A Qualitative Analysis: Jumo 004 versus the J-85.





JUMO  The Junkers Jumo 004 is often remembered as a  temperamental and failure-prone powerplant.  Despite its advanced design, engine life was only between 10 and 25 hours, with the mean being at the lower end of this range.  These failures were anticipated to some extent and the Me 262 was designed to permit extremely rapid engine changes.

Contrary to popular belief, the 004A was a  fairly sound performer when premium steels were used, and early versions were known to achieve a 200-250 hour service life.  However, the diversion of critical materials into U-boat production and other projects late in the war forced Junkers to produce the 004B model with only 1/3 of the high grade steel  that had been used in the 004A.  It was to be a disastrous concession for the Me 262.

The introduction of inferior metals compounded an already problematic situation with the turbine blade design.  These blades were rigidly mounted, contributing to severe root stress relief problems.  The weaker metals simply could not withstand this kind of abuse and regular compressor failures were an inevitable consequence.


J-85  The General Electric J-85/CJ-610 series turbojet engine is a benchmark in the advancement of pure jet technology.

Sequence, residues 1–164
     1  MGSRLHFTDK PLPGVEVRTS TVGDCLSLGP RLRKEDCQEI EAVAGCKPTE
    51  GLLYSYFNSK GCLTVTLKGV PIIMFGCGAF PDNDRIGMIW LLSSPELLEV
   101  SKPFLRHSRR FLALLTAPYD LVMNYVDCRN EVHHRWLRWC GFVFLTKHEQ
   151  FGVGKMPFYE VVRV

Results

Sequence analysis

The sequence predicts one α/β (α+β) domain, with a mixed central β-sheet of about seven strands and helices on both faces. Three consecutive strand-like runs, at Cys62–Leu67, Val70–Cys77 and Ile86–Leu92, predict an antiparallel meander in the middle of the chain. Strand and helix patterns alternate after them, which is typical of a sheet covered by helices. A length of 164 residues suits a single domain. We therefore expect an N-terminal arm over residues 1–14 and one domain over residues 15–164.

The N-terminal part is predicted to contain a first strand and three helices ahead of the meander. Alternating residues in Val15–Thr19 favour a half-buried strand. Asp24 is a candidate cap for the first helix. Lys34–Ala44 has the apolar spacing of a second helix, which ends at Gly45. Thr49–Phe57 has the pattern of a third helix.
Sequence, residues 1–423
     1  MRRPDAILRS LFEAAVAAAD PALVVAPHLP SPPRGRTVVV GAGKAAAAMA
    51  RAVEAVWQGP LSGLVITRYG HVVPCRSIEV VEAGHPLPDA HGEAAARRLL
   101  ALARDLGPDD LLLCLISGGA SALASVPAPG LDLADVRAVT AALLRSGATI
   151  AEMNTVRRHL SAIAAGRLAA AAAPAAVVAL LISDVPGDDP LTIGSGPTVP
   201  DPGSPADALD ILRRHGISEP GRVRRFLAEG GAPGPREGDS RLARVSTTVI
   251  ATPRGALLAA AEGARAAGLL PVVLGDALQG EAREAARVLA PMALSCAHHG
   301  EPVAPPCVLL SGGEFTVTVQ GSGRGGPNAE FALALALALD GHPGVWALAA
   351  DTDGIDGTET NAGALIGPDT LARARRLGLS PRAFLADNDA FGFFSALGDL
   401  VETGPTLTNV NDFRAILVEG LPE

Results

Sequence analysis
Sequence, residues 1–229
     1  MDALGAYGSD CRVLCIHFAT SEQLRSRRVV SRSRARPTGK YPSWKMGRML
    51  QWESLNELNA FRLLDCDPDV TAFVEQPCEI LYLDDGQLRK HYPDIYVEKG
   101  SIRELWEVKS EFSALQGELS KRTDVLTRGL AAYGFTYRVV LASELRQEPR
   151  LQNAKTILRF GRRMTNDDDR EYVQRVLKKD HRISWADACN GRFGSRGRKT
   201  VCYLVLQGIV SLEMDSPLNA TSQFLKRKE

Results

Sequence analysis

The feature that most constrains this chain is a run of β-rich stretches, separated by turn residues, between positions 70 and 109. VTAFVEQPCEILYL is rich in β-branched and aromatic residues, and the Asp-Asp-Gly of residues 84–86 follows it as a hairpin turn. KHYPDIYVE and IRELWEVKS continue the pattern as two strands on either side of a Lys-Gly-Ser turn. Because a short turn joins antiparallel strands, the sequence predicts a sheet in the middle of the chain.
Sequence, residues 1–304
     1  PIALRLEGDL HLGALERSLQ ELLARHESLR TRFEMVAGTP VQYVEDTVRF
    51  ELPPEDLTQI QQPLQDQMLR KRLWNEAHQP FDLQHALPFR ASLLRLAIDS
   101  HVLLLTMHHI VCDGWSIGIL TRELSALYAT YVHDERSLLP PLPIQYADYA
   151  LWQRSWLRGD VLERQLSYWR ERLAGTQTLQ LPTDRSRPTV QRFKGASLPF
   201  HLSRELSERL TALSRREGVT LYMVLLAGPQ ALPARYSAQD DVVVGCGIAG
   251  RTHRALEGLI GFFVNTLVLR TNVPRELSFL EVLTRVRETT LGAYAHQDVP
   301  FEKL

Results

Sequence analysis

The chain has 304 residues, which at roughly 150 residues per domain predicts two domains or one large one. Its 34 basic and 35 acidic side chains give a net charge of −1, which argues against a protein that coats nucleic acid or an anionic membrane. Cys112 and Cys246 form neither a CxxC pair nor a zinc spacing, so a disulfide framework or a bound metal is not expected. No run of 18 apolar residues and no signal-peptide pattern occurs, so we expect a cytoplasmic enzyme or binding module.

The engine was originally designed in the 1960s for use in military applications.  Shortly thereafter, civil certification and production followed under the CJ-610 designation.

The CJ-610 was quickly selected to power the popular Gates Learjet; meanwhile, its military cousin was called into service with such noteworthy combat aircraft as the F-5 Freedom Fighter and A-37 Dragonfly

The resilience and forgiving qualities of the engine also made it a natural choice for training aircraft, and the J-85 was adopted for both the T-38 Talon and T-2J Buckeye.

The J-85/CJ-610 engine has a reputation for extreme reliability, allowing wide variations of inflow distortion.  It also places a minimal maintenance burden upon ground crews.  Proven in war and in peace over three decades, the engine is ideally suited to power this classic warbird well into the next century.




JUMO  In aircraft applications, engine power is characteristically measured in terms of thrust versus weight.  The Jumo 004 was typical of early jet engines in that it was rather heavy, and not especially efficient.

Production model 004s produced 1,980 lbs. of thrust, and weighed in at about 1,800 lbs.  Because of this, the engines were not extraordinarily effective at low airspeeds or altitudes or at reduced power settings.

Long takeoff rolls (>3,000') were evidence of this phenomenon and, once aloft, power management became critical.  Abrupt throttle changes or rapid maneuvering often resulted in a flameout, or worse, a complete compressor failure.


J-85  Each J-85 produces 2,850 lbs. of thrust, yet weighs only 395 lbs.  In simpler terms, the new engines offer nearly twice the power for less a quarter of the Jumo's weight penalty.